The Women’s Philharmonic (1980-2004)
The Women’s Philharmonic began with the vision of our three founders – Elizabeth Seja Min, Miriam Abrams, and Nan Washburn – who hoped to compensate for the under-representation of women within the mainstream classical music world by creating an orchestra comprised entirely of women performing music composed by women. Unlike most orchestras, which enjoy the direct civic support of the cities where they are based and are funded with large donations by wealthy members of those cities’ communities, The Women’s Philharmonic began as a grassroots effort with many donors giving small contributions of $10, $20, and $25.
In the years following the first concert in 1981, The Women’s Philharmonic grew into a nationally renowned orchestra with a loyal following. We presented works by more than 160 women composers – including 134 premieres and 47 commissioned works.
The Women’s Philharmonic received 17 ASCAP awards in 22 seasons. The Women’s Philharmonic has been given the John S. Edwards Award by the American Symphony Orchestra League, which goes to the one orchestra in the United States that demonstrates the strongest commitment to new American music during a season. The orchestra’s second recording, The Women’s Philharmonic, received the “Best Classical Recording” award from the National Association of Independent Record Distributors (NAIRD).
The Women’s Philharmonic has been featured in the national media, including Time, USA Today, Ms., “CBS Sunday Morning,” and National Public Radio’s “Fresh Air,” “Morning Edition,” and “All Things Considered.” It is the subject of a documentary film. The Washington Post published a highly favorable review of the orchestra’s East Coast debut at Kennedy Center.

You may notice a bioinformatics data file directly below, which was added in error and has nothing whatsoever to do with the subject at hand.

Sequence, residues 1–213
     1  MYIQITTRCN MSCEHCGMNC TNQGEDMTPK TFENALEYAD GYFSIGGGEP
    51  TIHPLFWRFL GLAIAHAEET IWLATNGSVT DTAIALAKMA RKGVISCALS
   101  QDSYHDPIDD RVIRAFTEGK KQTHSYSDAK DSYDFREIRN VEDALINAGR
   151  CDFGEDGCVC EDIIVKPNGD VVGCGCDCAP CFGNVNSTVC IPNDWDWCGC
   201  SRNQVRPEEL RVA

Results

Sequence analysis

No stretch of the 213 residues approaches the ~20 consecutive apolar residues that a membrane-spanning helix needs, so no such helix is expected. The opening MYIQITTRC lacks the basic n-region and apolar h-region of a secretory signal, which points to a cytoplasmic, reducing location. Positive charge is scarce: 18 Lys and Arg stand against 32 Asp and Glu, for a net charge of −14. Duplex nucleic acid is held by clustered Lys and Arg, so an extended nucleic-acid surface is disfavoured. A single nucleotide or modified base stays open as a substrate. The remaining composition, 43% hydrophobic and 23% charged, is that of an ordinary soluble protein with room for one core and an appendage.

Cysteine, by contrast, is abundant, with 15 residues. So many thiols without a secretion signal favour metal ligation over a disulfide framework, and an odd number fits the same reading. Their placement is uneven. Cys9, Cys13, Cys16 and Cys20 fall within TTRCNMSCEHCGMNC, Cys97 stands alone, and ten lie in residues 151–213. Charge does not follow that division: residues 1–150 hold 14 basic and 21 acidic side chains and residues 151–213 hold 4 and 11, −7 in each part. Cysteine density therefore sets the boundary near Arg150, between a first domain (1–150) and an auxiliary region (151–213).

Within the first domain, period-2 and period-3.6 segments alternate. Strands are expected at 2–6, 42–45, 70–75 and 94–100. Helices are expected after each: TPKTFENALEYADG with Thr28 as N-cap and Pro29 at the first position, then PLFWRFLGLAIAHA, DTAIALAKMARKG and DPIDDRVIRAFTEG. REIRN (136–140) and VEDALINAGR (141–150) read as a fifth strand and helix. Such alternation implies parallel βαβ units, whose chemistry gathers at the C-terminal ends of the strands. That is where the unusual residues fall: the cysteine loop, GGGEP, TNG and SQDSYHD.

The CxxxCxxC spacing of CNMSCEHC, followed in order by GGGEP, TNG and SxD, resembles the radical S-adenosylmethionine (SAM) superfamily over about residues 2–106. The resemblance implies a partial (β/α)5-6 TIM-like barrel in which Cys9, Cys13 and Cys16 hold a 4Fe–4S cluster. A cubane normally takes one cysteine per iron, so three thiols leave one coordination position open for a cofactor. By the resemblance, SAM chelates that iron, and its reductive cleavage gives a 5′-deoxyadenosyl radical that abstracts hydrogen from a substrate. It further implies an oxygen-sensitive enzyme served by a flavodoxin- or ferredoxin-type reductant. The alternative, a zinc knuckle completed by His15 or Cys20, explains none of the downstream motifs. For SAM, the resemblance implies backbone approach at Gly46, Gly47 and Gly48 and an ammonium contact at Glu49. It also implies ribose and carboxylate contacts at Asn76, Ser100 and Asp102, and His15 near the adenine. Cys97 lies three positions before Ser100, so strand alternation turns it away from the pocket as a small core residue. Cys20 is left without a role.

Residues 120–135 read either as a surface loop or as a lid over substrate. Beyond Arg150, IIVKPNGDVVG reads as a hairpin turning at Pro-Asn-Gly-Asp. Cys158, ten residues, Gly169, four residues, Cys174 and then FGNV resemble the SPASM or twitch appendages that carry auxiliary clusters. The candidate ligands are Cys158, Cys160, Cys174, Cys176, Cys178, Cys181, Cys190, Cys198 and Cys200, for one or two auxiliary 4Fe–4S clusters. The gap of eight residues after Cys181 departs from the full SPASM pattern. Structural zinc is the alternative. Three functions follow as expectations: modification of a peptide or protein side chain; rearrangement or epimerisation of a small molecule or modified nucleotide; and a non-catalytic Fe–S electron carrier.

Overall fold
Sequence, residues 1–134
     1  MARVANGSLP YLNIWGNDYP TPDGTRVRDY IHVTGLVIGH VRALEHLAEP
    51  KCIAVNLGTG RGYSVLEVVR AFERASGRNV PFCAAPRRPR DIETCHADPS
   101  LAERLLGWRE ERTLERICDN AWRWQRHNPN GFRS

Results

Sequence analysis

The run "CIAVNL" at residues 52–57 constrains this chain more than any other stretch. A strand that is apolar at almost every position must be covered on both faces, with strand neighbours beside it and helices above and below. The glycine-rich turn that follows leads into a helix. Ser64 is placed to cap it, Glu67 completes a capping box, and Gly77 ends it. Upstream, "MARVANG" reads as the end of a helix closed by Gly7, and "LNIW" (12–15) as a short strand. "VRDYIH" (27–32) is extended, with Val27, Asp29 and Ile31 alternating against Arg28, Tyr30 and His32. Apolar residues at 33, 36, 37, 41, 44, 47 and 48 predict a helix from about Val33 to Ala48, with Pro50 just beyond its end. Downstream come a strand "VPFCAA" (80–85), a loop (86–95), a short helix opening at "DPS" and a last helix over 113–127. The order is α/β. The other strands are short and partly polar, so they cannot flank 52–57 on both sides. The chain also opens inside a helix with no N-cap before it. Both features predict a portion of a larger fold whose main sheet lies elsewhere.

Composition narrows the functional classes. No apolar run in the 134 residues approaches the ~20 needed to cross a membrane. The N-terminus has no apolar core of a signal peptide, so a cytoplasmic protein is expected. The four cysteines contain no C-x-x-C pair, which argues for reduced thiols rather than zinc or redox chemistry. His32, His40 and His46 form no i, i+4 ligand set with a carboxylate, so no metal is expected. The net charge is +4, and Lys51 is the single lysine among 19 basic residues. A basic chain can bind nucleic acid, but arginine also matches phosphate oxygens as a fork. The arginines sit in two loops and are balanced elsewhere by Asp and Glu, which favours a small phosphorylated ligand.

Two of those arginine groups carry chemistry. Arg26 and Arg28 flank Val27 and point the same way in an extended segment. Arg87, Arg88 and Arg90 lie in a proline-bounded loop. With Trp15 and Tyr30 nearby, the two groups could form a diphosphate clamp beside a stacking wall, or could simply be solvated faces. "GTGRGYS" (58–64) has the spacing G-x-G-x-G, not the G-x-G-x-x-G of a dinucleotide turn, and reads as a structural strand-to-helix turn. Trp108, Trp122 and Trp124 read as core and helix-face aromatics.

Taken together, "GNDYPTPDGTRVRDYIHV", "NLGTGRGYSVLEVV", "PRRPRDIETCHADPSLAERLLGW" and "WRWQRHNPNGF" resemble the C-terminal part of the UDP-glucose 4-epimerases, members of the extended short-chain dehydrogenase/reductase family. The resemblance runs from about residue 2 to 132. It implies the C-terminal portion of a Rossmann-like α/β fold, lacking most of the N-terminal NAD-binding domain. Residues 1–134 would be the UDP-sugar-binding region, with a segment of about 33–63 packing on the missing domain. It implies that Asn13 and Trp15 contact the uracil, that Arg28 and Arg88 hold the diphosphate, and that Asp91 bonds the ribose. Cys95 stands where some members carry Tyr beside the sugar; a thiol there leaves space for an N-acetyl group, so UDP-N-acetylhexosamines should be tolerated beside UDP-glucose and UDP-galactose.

The Plan to dissolve The Women’s Philharmonic is announced: December 9, 2003
A message from Robyn Bramhall, President of the Board of Directors of the Women’s Philharmonic.
In 1981, the three founders of the Women’s Philharmonic, Miriam Abrams, Elizabeth Seja Min, and Nan Washburn, crafted a mission that would focus and energize the efforts of the organization for the next 23 years:
“the promotion of women composers, conductors and performers.”
During that time the landscape of the orchestral music world has greatly changed. Together we have seen women musicians move from near-invisibility in American orchestras to their current presence at a number equal to men. We have seen Ellen Zwilich, Shulamit Ran and Melinda Wagner receive Pulitzer Prizes and other women accept awards previously granted only to male composers. Women conductors, although still holding a very modest percentage of principal conducting positions in the U.S., continue to gain prominence and recognition.
The Women’s Philharmonic has been pivotal in those changes. Through nearly a quarter of a century of concerts, recordings, and special initiatives, the organization has tirelessly promoted women composers, conductors and performers. The composers and conductors who count their association with The Women’s Philharmonic as a turning point in their careers include virtually all of the top women of our time and of the recent past. (Remember Fanny Mendelssohn, who lamented that “nobody takes any notice” and whose Ouverture was featured on our 1992 CD after its first public performance?)
I’m pleased to report that our American Women Masters project has now reached completion, having promoted selected works of ten composers to orchestras and audiences nationwide, through targeted campaigns and via Sarah Cahill’s radio program on KALW. Also coming to a close is our Fanfares project, which has given the music world eight new orchestral works by women, commissioned by The Women’s Philharmonic and our Fanfares partners. The National Women Conductors Initiative has championed several women conductors at critical stages in their careers.